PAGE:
Monday, June 19, 2017

In Which I Review American Gods (1x8)

Every religion or code of faith is a story. It has all the hallmarks of a good narrative; there's a plot with a beginning, middle, and end; there are heroes and villains, quests for redemption and falls from grace. There are deeds of valor and actions of woe; magical creatures, far off places, larger than life characters who work their charms alongside any other talents or gifts the world has given to them. And like all good stories, faith is asking for only one thing: belief. Since the beginning of the series, I--and American Gods--have pounded home the idea that at its center, this show is about belief. Testing belief, finding belief, expanding your belief, losing belief, discovering all the unique ways that belief and faith manifest in our world--and in worlds unseen--are all at the heart of American Gods and perhaps no other episode quite captures that essence more than the season finale, "Come to Jesus," a fairly apropos title given that, on the one hand, there are several Jesuss' that are wandering around a villa in Kentucky on Easter and, on the other hand, the term means to have a conversation that leads to an epiphany, a reckoning, or an understanding. Shadow Moon, welcome to belief. It only gets weirder from here. Grab your bunny rabbit that poops jelly beans and let's go!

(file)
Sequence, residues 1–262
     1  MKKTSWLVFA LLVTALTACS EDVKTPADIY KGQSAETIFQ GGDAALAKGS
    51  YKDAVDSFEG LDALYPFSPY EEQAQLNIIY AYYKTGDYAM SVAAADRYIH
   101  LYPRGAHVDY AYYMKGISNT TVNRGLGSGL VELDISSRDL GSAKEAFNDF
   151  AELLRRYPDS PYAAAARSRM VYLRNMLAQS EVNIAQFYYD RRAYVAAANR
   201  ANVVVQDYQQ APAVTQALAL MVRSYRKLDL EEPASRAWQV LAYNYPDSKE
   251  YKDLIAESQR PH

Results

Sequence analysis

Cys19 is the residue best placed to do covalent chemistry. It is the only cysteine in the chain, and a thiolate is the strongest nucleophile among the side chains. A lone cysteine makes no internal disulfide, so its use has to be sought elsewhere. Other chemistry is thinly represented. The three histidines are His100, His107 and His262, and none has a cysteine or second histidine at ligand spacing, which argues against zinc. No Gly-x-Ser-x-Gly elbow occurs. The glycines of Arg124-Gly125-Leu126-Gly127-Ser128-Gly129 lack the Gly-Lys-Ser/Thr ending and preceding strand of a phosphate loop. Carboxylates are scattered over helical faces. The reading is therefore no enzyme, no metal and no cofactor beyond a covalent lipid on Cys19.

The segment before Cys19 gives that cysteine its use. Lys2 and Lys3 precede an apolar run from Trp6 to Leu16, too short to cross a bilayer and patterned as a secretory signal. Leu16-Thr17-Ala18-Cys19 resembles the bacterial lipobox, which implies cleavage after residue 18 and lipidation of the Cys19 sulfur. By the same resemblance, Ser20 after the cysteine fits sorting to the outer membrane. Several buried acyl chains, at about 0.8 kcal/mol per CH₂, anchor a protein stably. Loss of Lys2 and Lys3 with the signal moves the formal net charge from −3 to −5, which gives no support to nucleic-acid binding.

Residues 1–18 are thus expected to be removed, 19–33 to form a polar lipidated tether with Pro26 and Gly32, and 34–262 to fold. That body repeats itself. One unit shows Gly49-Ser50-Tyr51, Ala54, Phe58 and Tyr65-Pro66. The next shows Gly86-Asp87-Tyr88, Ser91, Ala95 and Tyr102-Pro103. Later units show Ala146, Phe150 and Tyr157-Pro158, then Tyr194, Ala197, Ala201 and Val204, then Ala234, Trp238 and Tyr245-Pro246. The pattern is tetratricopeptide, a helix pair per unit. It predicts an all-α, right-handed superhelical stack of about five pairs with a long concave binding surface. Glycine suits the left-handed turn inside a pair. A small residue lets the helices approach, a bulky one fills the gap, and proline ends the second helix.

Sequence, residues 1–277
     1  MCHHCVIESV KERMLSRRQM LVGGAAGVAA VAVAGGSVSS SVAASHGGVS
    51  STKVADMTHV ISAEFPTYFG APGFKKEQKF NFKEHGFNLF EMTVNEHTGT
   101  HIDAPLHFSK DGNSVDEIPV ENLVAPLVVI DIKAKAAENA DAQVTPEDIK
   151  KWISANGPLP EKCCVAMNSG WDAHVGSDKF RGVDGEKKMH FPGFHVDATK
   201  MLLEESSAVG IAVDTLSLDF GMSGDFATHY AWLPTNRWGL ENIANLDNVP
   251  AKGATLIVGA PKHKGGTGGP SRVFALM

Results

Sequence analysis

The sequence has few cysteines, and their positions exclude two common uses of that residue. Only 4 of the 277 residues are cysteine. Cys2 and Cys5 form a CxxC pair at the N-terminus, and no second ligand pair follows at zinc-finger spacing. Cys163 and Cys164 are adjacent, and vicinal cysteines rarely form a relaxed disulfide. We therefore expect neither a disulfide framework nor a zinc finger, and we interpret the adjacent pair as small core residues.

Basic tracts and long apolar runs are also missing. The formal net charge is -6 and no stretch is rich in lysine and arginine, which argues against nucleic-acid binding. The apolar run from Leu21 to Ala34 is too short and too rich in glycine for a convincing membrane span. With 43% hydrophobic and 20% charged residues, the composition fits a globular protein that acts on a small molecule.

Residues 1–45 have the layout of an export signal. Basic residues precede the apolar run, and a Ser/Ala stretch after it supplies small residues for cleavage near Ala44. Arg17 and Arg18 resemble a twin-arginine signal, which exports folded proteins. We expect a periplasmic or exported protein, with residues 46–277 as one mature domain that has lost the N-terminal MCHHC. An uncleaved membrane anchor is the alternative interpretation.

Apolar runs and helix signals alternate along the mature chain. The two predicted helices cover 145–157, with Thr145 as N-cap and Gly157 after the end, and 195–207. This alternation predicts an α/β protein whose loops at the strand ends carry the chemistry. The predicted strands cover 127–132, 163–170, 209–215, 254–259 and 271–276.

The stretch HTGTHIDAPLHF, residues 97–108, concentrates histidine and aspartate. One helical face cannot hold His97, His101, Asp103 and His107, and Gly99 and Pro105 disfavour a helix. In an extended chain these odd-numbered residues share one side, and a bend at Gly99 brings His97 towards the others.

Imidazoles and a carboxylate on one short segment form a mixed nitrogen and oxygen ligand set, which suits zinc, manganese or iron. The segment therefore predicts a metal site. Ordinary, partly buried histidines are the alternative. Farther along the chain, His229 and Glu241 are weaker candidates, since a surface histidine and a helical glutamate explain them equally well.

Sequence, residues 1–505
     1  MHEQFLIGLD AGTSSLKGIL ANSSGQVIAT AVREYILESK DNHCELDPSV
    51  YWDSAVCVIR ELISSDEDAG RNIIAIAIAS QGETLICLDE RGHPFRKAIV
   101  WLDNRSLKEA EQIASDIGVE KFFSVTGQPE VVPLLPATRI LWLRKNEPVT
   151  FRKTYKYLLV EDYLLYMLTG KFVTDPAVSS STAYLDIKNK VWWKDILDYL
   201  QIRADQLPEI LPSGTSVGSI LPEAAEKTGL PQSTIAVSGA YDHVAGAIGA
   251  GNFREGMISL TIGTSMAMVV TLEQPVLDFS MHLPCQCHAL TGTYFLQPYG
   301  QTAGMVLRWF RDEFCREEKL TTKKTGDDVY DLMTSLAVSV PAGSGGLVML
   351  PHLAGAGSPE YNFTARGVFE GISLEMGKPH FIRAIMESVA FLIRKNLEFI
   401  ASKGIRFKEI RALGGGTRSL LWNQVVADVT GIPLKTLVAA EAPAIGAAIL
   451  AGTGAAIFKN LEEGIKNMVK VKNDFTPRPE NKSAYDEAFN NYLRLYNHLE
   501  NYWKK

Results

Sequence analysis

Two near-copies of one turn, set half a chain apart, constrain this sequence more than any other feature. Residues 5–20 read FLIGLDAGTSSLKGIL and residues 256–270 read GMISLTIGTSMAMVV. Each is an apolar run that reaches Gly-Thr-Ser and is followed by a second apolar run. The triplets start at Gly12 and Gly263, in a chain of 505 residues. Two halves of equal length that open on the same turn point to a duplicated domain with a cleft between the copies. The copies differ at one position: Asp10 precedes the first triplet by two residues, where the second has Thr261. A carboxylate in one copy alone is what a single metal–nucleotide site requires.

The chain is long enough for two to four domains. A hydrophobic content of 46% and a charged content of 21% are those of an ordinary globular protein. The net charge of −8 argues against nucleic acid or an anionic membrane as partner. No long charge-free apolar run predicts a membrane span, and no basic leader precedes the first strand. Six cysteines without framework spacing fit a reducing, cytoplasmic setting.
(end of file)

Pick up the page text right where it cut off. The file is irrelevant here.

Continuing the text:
Every character in this episode has a story to sell and they are really hoping that you'll believe in it long enough to get whatever it is they want. Let's start with one of the more complicated stories to parse out: Shadow Moon and the problem of disbelief. Maybe the most frustrating--but necessary given the medium of TV where revelations are best served up in a climax--thing about Shadow is that after seven episodes of bat guano crazy twists and turns--from Laura coming back to life, to Not-Really-Lucy-Ricardo talking to him out of a TV, Marilyn Monroe floating and revealing herself to be in cahoots with the likes of Technology and Mr. World, to six foot plus leprechauns, to Slavic sisters and their cow killing family member--Shadow still doesn't know what to believe and worse still doesn't know if he believes in anything. It's a bit preposterous given that his confession of non-faith is given to a version of Jesus with a literal glowing halo who is literally floating on water. I'm not sure how Shadow, at this point, manages to avoid belief of any kind given all he's seen except to handwave it away as the magic of TV needing our hero and protagonist to come into belief by way of something explosive. However bizarre and frustrating, Shadow's disbelief serves a purpose in that it helps to illustrate how ordinary Americans manage to fall out of belief due to circumstance of life or the absence of gods that they can touch, feel, see, and interact with which in turn leads to the likes of Mr. Wednesday and his war. The ever present multiple Jesuss's (Jesi? Jesuses?) are a good example here. They are not the real McCoy; they're a specific image of an image, almost a magic trick meant to fool the observer. The reason why there are so many is because belief in Jesus takes many different forms from Catholic to Protestant to Greek Orthodox to Coptic and, I mean this quite seriously, the list could go on for quite awhile. Lists within lists. Jesus, a lot like Vulcan, can be adapted for whatever the believer needs: King of Kings, prophet, humble shepherd, fully human, fully divine, son of god, messiah, savior, or guy down on his luck. For Shadow and others it's hard to know which one to latch on to because while they all present a similar image, the up close version is distorted. Notice how the various types of Jesus have precious little to say that is meaningful; the one interaction we get between Shadow and the main Jesus is a platitude: "I am belief. I don't know how to be anything else." That's not super helpful and because it's so very opaque and Shadow is looking for something he can hold on to; it's no wonder that it takes Wednesday with a lightening storm, screaming his various names for Shadow's eyes to truly open and believe in something real. Wednesday feels real; he's tangible in a way that the other ephemeral Jesuss' aren't. The other part of Shadow's story that he's trying to sell (and failing at every turn, poor guy) is that he's so angry at Wednesday for how massively weird his life has gotten that he doesn't care about the truth, about what's really going on. The story Shadow himself wants to believe is that he can walk away from Wednesday at any time. But, of course, Shadow can't because a big part of Shadow wants to believe; he wants the surety of faith that everything that has happened has some sort of explanation. Shadow's story is one from disbelief and heavy skepticism to belief; because seeing is believing, he has finally witnessed that the gods are real and that there actually might be a reason behind all the crazy happenings around him.